Stradbroke and Laxfield primary schools begin partnership

PartnershipSmall schools in Suffolk are increasingly forming partnerships and more formal federations. This is clearly in part a response to the challenging financial situation and falling numbers of children in rural Suffolk. Yesterday Stradbroke and All Saints Laxfield primary schools announced to parents that they will begin a collaboration in the Summer Term that will see Melanie Barrow currently the Headteacher at Stradbroke become Executive Head of both schools. The deputies at each site become “Heads of School” responsible for day to day issues under the direction of the Executive Head.

The opportunity for a collaboration between Stradbroke and Laxfield came about when Laxfield’s head moved onto another school and Laxfield actively sought partners. At Stradbroke we had already spent quite a bit of time discussing collaboration which we saw as a good way forward but wanted to be careful to choose the right partner. This meant we were in a strong position to move when the opportunity arose.

Laxfield is a very similar school in terms of size although there are differences due to it being a Voluntary Aided (VA) school rather than a Voluntary Controlled (VC) school. Basically the church has more influence at Laxfield but both schools are church schools and that is also a common link.
Geographical proximity is also a major advantage. Both schools want to retain their individual identities but the collaboration will enable savings in time and money to be made for both schools helping to make them more sustainable than they would be on their own.

Governors and staff have already invested a lot of time and thought into the partnership and at a joint meeting of both Governing Bodies last week appointed a Joint Committee to steer the partnership which I am chairing. It’s been a lot of work already but we are already looking to see where we can save time such as holding joint governors meetings to discuss the County Papers and shared issues.
Once the partnership has run for a year or more we are planning to explore a formal federation which would mean a single governing body for both schools.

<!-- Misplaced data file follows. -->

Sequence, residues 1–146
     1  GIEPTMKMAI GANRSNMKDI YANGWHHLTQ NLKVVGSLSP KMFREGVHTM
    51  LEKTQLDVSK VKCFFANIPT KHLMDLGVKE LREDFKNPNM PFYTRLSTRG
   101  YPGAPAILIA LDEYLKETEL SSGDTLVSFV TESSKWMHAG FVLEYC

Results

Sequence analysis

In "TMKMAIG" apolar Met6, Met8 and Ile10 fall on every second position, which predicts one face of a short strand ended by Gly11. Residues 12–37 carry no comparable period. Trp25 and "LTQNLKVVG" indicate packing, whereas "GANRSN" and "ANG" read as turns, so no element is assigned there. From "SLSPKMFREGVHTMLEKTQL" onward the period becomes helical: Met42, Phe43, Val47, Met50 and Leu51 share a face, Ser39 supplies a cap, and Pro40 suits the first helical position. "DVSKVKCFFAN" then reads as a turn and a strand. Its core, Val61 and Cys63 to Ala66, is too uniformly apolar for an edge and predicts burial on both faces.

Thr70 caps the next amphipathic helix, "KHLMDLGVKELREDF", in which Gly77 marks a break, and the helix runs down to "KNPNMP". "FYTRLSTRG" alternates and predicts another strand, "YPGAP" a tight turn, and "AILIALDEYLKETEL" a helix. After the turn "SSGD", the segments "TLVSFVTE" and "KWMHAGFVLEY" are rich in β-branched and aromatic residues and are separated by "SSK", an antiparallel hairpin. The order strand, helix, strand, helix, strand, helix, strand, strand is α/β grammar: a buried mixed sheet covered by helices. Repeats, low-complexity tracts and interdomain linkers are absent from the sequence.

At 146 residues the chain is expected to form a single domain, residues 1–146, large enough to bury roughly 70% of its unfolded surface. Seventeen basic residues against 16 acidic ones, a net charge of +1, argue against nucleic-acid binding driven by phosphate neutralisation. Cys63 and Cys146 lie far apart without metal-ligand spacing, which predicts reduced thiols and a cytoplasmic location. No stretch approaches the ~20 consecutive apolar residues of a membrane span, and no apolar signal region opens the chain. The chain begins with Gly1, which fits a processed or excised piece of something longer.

Inevitably comparisons are drawn to personal relationships when setting up a partnership. It’s a bit like that and it is true to say we are probably still in the “honeymoon” period. I even suggested at one meeting when encountering some resistance to the idea of a formal federation that it was a bit like saying we should live together but not get married! Such talk still raises eyebrows in church schools!

For any school thinking of a partnership I would encourage making sure that you understand the amount of work involved to set things up. Governors and senior school leaders are going to have to spend time in meetings and working on actions in order to make things work.

It’s also vital to keep stakeholders informed and involved. Clearly this includes all of the governors as well as staff, parents, the local authority and in the case of church schools the diocese.

Like any relationship if the foundations are weak then it is more likely to fail. The stakes are high we are seeing several Suffolk schools that were part of unsuccessful partnerships looking like they will close soon.

I think collaboration gives the best hope for small schools to continue to thrive. It’s a much better model than either closure or being gobbled up by an academy chain - not that academy chains appear that interested in small rural schools. It also helps recruit and retain school leaders and other staff something that is becoming increasingly problematic for small rural primary schools who face a high challenge particularly in recruiting heads.
Stradbroke Primary School 7414475858427878885

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